Fairfax County’s Board of Supervisors late Tuesday gave unanimous approval to Inova Mount Vernon Hospital’s expansion but also provided additional protections for the historic African-American enclave of Gum Springs.

The most important ensures that the New Gum Springs Civic Association would have a say with the Mount Vernon district supervisor and other public officials in how to spend approximately $2 million that Inova has agreed to pay to mitigate increased traffic congestion.

The project’s other conditions, some of which were agreed upon before Tuesday’s meeting, would require Inova to return to the Board for further approvals on later phases of its expansion.

“What we got is a seat at the table for each phase of the development,” said Queenie Cox, president of the New Gum Springs Civic Association. She accused Inova of ignoring concerns of Gum Springs until the community rose up.

Over the weekend, Cox mounted a last-minute petition drive that collected about 200 signatures demanding that the Board impose stricter controls on Inova Mount Vernon’s redevelopment. In particular, Gum Springs residents complained that plans to expand Sherwood Hall Lane to four lanes between Route 1 and Parker Drive would shunt most of the increased traffic toward Gum Springs but will spare whiter and wealthier neighborhoods to the east.

But Inova and Fairfax County officials assured the community that the first phase of Inova Mount Vernon’s expansion would not increase traffic, and that later phases would require further approvals. They also challenged the assertion that Gum Springs’ concerns had been ignored.

“We’ve been working with Gum Springs for some time,” said Sarah Hall, an attorney for the hospital. Hall also could not say when Inova might move toward its second phase of expansion.

Supervisor Gerald W. Hyland (D-Mount Vernon), saying he had been somewhat puzzled by Gum Springs’ late objections, said Gum Springs had been included in more than a dozen meetings or presentations made by Inova or government officials since February.

Among them was a May 11 meeting with Del. Scott A. Surovell (D-Fairfax) and Sen. Linda T. “Toddy” Puller (D-Fairfax), and a two-hour meeting on July 11 with Mount Vernon planning commissioner Earl Flanagan, county staff, and Brett W. Kenney, who is Hyland’s chief aide. As recently as July 21, Cox told Hyland she was “comfortable” with the application, his staff said.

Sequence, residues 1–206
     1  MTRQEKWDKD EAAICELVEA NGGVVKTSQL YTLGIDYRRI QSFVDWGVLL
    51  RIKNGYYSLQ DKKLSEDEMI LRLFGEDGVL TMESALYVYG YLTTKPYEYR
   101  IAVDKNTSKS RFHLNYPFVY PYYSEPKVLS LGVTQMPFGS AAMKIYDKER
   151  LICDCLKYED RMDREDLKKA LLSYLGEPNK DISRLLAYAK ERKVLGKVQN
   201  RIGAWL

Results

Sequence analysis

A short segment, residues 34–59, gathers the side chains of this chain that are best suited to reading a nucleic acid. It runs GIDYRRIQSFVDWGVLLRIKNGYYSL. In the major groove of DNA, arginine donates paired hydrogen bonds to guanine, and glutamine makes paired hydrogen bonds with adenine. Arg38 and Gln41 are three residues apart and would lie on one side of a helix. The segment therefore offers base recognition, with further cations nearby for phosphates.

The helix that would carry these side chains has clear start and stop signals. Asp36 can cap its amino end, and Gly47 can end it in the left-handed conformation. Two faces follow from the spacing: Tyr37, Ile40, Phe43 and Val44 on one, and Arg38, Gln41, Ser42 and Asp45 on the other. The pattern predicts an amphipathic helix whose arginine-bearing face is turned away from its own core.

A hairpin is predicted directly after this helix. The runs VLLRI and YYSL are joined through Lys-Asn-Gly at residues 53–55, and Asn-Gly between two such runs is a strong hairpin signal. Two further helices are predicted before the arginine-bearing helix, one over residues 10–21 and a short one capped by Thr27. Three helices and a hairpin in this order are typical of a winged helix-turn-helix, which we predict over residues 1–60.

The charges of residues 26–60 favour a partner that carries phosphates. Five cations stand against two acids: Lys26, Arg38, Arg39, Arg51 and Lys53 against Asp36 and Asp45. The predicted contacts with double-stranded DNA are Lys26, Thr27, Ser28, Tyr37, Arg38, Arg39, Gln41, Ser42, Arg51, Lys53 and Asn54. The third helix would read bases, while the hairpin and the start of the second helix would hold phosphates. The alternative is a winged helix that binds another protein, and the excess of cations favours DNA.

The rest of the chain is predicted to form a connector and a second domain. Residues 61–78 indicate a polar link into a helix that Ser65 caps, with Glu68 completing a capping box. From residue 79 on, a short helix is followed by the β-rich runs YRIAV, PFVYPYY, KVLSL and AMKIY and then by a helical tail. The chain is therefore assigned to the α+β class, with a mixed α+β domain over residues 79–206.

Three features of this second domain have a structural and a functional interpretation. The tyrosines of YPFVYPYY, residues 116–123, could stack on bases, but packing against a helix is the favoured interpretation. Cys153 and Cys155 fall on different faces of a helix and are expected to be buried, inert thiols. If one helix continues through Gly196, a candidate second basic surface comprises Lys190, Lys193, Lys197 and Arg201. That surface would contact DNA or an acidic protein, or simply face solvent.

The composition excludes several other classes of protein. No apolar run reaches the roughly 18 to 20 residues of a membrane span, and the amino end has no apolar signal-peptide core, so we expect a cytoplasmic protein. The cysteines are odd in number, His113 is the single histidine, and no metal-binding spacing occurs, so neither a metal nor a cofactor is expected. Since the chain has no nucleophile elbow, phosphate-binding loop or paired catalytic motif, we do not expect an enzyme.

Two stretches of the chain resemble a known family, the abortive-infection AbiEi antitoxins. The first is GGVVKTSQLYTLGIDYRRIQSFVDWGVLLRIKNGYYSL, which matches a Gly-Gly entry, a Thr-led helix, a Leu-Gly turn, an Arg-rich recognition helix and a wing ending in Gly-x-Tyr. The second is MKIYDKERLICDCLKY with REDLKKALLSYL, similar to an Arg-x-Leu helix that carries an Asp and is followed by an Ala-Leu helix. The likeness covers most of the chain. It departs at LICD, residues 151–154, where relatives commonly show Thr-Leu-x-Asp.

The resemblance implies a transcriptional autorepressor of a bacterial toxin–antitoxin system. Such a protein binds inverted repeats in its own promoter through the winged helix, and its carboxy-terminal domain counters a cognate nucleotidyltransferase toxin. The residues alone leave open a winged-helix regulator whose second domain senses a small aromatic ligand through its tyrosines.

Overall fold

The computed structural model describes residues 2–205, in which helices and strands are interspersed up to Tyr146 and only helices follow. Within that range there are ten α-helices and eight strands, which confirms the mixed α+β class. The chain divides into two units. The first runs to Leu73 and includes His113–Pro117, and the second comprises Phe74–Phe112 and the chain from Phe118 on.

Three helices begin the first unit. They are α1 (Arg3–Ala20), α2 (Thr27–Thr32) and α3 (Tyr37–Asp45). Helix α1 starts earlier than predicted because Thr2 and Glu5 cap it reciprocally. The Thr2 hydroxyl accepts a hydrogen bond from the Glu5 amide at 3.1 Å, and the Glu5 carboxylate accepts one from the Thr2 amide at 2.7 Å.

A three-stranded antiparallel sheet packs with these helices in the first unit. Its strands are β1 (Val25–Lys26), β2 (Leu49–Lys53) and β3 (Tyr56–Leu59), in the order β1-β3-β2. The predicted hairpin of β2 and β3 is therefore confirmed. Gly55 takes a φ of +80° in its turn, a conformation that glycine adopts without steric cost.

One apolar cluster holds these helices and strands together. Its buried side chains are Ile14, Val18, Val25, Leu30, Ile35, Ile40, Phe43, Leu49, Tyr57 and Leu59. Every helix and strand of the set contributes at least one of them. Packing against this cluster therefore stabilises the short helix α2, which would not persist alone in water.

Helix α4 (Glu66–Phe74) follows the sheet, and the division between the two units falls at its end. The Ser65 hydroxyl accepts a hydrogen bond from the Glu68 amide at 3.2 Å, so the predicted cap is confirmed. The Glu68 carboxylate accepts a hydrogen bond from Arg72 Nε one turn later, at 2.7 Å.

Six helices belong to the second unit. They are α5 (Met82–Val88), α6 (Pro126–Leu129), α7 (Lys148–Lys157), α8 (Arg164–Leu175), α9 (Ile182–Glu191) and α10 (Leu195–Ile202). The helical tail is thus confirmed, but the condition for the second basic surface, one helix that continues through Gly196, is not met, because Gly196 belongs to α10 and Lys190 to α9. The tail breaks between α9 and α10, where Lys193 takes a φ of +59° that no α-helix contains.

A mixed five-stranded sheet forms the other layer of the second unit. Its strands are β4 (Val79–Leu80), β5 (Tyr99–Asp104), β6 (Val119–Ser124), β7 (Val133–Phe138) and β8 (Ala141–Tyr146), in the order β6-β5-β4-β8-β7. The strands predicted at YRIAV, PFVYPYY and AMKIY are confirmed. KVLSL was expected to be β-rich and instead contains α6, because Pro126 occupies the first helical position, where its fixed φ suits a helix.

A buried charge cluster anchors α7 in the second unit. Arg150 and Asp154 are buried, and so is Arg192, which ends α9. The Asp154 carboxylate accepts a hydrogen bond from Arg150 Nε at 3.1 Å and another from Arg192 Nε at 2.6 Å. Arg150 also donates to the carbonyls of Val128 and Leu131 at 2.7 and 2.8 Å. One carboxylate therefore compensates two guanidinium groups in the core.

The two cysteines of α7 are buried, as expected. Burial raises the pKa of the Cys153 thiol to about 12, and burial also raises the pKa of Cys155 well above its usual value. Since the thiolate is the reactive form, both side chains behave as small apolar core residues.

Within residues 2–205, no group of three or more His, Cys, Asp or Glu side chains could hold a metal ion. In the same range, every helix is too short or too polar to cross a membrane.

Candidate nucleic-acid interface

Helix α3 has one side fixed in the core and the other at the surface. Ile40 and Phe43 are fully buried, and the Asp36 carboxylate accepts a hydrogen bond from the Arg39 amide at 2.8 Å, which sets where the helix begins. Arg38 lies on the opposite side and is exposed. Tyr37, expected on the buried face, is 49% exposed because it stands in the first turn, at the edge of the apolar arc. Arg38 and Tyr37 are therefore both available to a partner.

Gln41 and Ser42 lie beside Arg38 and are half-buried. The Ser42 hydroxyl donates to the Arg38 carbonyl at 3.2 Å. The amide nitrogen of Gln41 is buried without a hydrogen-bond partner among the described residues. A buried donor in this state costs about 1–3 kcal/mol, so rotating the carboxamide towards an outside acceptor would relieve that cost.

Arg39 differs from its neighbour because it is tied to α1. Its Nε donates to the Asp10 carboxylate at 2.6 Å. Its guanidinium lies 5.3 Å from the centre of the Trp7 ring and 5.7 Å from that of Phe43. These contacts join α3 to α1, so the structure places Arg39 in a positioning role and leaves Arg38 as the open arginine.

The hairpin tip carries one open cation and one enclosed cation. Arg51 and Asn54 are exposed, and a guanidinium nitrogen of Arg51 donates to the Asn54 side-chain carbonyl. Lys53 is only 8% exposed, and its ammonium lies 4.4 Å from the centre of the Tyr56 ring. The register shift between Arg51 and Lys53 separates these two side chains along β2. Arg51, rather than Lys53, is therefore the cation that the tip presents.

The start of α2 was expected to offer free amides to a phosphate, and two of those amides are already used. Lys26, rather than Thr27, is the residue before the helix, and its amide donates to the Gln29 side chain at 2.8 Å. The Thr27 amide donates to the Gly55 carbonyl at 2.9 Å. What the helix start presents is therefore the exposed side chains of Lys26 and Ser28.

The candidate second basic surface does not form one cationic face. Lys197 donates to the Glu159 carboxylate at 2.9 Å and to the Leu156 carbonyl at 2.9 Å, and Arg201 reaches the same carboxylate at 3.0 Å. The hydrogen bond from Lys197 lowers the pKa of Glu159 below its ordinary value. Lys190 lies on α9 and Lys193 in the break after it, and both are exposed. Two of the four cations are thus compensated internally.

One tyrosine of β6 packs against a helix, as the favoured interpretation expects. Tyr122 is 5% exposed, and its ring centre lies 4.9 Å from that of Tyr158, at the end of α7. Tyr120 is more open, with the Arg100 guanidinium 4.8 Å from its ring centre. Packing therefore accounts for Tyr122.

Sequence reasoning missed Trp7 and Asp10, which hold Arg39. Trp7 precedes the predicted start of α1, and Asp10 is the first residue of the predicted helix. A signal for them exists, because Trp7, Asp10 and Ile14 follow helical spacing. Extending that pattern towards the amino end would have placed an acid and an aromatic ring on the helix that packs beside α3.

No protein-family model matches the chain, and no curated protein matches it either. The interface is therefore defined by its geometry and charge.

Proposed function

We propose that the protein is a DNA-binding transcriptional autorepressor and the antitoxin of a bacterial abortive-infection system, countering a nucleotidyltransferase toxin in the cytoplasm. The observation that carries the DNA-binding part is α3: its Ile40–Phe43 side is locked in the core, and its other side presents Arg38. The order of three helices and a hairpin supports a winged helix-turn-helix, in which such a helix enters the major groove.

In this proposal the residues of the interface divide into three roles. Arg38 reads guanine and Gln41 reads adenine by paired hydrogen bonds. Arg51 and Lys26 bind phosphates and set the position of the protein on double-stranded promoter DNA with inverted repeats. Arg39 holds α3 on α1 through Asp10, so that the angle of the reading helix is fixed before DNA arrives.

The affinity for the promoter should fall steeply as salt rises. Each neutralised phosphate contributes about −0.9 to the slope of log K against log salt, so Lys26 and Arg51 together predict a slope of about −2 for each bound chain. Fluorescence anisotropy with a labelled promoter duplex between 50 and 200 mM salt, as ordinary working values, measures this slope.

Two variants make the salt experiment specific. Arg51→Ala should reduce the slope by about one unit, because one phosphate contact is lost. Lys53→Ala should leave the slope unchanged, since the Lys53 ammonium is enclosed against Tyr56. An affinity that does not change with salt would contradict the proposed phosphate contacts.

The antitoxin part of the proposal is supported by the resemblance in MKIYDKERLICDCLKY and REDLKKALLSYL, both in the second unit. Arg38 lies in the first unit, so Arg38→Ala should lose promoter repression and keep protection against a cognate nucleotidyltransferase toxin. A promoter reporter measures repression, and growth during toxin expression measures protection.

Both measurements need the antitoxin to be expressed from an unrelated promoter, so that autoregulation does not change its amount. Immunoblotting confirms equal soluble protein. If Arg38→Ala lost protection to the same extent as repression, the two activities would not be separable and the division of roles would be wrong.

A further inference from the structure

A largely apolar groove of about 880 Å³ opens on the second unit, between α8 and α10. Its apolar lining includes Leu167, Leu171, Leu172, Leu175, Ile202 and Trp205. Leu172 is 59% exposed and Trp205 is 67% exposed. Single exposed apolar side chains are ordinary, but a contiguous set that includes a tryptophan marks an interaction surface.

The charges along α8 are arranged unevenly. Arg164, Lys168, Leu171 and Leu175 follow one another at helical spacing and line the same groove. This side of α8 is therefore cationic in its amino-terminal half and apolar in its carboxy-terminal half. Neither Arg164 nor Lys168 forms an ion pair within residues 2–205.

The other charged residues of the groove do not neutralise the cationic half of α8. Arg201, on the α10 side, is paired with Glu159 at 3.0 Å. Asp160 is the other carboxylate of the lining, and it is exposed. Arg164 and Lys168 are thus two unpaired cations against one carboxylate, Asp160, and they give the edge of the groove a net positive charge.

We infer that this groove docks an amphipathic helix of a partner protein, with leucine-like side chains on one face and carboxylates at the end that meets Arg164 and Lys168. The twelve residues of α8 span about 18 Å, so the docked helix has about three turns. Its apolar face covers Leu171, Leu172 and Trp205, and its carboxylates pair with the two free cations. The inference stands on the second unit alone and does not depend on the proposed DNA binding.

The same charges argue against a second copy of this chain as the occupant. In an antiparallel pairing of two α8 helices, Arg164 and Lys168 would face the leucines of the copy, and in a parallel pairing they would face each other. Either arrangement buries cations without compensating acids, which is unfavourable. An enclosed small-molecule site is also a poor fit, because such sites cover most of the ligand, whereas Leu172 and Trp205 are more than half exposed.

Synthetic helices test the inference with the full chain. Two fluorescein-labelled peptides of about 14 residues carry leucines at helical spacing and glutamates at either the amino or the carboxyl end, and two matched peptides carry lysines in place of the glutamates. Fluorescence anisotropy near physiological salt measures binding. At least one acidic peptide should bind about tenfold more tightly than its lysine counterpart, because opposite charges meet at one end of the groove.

But Hyland told Cox during the meeting that he would make sure that the community flourishes and that its concerns would be heard.

“I can assure you that your community will be at the table,” Hyland said.

Inova Mount Vernon Hospital, whose 26-acre campus includes a 237-bed building, a helipad and an assisted-living complex, has been operating at the site since the early 1970s and has expanded several times. In 2008, the hospital announced plans for a $14 million expansion and renovation that would increase its capacity by about 22 percent, to 289 beds.

Owing to its location in a residential area, the hospital must obtain special zoning exceptions for each major project. A condition of approval is that the applicant’s actions have no adverse effects on its neighbors.

The Planning Commission last week voted to endorse the hospital’s expansion plans with certain conditions, including a provision that would give the Mount Vernon district’s supervisor oversight of about $2 million the hospital is paying for transportation adjustments.

On Tuesday, the Board granted the special zoning exception to Inova to build two towers — one three stories tall, another four stories — for patients’ rooms, a parking garage, an expanded emergency room and two ambulatory care centers.

The Mount Vernon Council of Citizens Associations, which includes Gum Springs, has pushed for modifications to the hospital’s plans but has otherwise agreed not to oppose the expansion.

Cox said following Tuesday’s meeting that she was satisfied with the outcome.

“Gum Springs did not want to stop Inova from expanding,” Cox said, adding that the community only wanted further protections from the expected increase in traffic.

But Ronald Chase, who is president of the Gum Springs Historical Society, said he believed the conditions did nothing to ensure that the community will not be overwhelmed by the side effects of Inova’s growth, including traffic in a part of the county whose main corridor, Route 1, is already choked with vehicles.

“It’s a rotten game that was just played inside,” Chase said after leaving the meeting.

Jennifer Siciliano, a vice president for governmental relations for Inova Health System who attended Tuesday’s meeting, declined to comment afterward.